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Databases Open Source Oracle Sun Microsystems

Is MySQL Slowly Turning Closed Source? 336 336

mpol writes "Sergei from MariaDB speculated on some changes within MySQL 5.5.27. It seems new testcases aren't included with MySQL any more, which leaves developers depending on it in the cold. 'Does this mean that test cases are no longer open source? Oracle did not reply to my question. But indeed, there is evidence that this guess is true. For example, this commit mail shows that new test cases, indeed, go in this "internal" directory, which is not included in the MySQL source distribution.' On a similar note, updates for the version history on Launchpad are not being updated anymore. What is Oracle's plan here? And is alienating the developer community just not seen as a problem at Oracle?"
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Is MySQL Slowly Turning Closed Source?

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  • by Sesostris III (730910) on Saturday August 18, 2012 @02:48AM (#41034029)
    For me, the one advantage MySQL (and MariaDB, and even Apache Derby!) have over PostgreSQL is that there are versions that can be run stand-alone "out of the box" as a non-root user. PostgreSQL (AFAIK) needs to be installed, and needs to be installed as root (and you need to create a postgres user, etc.).

    OK for production, you need to install things properly (as root), but for development / learning / tinkering the ability to run various instances stand-alone is a huge plus.

    (Of course, if there is the facility to run PostgeSQL out-of-the-box and stand-alone, please feel free to correct me!)
  • by slack_justyb (862874) on Saturday August 18, 2012 @03:12AM (#41034109)
    Additionally, postgresql implements more of SQL99 than most others out there.

    "Real" BOOLEAN support, CTE using WITH (which MySQL is actually the only real enterprise DB that doesn't offer this), support for FETCH cursors, HOLD cursors, one of the best implementations of date math (maybe only DB2 does this better), blows MySQL out of the water hands down on window functions (seriously MySQL, no SQL OVER support? REALLY?!), also (I know this may seem trivial) but MySQL doesn't even implement SQL OVERLAY.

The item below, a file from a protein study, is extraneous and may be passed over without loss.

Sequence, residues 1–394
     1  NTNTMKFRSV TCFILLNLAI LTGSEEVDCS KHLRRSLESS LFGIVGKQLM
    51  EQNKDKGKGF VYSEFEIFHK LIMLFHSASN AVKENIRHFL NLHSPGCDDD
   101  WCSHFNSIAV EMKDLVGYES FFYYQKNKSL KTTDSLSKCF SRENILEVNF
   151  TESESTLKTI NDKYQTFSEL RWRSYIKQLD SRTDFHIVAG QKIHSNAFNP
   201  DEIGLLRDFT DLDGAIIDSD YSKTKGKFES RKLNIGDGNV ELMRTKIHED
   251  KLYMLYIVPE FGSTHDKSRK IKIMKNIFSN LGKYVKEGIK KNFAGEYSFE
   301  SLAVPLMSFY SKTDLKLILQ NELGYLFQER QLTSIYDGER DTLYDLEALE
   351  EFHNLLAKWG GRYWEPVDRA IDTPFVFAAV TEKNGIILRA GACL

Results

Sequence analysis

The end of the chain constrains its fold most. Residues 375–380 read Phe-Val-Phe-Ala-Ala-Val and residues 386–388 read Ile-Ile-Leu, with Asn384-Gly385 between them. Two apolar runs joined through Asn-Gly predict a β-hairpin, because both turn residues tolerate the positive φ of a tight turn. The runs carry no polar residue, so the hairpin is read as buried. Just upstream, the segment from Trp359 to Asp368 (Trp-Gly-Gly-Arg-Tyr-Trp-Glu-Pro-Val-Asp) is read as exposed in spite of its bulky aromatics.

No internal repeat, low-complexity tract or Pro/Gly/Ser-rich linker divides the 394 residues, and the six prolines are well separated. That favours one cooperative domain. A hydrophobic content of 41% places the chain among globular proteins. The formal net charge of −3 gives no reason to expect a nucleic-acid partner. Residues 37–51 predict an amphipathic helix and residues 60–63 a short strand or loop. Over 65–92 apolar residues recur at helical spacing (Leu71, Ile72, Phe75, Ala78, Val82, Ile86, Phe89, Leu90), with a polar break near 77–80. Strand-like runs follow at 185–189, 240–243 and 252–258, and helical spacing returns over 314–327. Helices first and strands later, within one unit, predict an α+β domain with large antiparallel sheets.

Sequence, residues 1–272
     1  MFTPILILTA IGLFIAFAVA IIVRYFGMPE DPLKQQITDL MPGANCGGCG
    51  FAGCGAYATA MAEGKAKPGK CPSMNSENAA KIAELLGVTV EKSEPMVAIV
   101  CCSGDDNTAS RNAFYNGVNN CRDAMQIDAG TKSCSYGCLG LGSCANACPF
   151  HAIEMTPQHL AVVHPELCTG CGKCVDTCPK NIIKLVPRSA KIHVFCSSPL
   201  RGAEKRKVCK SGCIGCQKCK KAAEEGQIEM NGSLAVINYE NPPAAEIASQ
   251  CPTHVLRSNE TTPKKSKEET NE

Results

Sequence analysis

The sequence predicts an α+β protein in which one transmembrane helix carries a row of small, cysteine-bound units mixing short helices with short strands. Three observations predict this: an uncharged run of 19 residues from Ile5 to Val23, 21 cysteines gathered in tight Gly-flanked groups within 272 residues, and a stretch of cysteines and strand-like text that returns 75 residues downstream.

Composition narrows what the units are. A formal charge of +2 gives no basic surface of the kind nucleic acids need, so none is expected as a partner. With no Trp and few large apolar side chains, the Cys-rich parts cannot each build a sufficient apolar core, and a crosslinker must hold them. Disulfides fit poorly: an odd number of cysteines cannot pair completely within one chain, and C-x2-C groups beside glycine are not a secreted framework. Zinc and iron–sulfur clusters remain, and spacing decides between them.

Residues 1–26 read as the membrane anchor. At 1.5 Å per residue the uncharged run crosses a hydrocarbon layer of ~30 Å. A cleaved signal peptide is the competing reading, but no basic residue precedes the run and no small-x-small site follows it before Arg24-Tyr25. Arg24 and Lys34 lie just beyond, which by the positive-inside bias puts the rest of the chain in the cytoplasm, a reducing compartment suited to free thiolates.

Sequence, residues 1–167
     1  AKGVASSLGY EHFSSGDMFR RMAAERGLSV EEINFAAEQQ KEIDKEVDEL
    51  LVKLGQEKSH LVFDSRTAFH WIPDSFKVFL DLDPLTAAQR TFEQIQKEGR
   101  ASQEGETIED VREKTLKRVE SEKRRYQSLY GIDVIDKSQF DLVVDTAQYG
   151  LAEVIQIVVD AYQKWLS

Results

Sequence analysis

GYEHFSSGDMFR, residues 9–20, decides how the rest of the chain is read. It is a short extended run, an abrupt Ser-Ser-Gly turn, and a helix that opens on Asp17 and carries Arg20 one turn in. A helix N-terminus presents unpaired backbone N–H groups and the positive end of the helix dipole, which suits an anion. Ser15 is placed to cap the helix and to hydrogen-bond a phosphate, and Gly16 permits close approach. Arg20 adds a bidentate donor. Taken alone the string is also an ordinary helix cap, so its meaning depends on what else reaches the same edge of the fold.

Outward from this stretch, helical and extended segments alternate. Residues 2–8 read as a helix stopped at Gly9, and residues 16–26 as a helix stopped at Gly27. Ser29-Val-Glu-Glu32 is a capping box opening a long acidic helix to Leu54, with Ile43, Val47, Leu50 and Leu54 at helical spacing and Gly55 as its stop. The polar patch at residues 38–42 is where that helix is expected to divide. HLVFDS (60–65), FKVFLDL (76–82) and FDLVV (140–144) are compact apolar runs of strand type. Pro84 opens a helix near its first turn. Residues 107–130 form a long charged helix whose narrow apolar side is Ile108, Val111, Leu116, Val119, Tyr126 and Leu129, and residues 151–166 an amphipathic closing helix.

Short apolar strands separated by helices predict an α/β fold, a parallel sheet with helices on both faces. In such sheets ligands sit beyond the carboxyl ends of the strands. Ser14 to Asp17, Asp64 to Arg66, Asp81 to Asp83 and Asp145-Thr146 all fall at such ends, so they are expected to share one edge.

In many ways postgresql brings a LOT of modern SQL to the table that it makes MySQL seem hokey, if not downright convoluted. I cannot speak for Oracle's 11g, but I've found postgresql just as capable at doing whatever it is I need to get done as I can in DB2, MS-SQL is just it's own beast altogether. However, MySQL lacks so much functionality that you constantly have to revert to procedures to get anything done.

    Now I will say to MySQL's credit, that it is one of the easiest DBs to admin for and they support a good subset of SQL2003, but it's not enough, it leaves a lot to want for. I know a lot of people have invested a lot into MySQL, but the lack of a lot of modern functions that a lot of other DBs enjoy out of the box, makes using MySQL a chore to write for. Thank goodness it's easy to scale and admin, because if it didn't have that going for it, then we'd have LAPP stacks. However, this is just another pot shot for MySQL. Slowly closing source code, no test scripts, dodgy support for some of the most useful (IMHO) features of standard SQL. I don't want to diss anyone who works on the project, they have done a mighty nice job, but there are more and more negatives building up, that the scales are starting to tip in opposition to MySQL. No disrespect, but we're at that point that people on the fence are really going to look hard at the competition.

    Finally, and totally off topic. IBM YOU SUCK! Seriously, you can't make a freaking function to create a CSV list from a set of rows?! I have to cast the result set to XML and then work backwards from there? Everyone else has one! I wouldn't curse you if I wasn't forced to use your product. There, glad I got to air that out.
  • by suy (1908306) on Saturday August 18, 2012 @04:02AM (#41034243) Homepage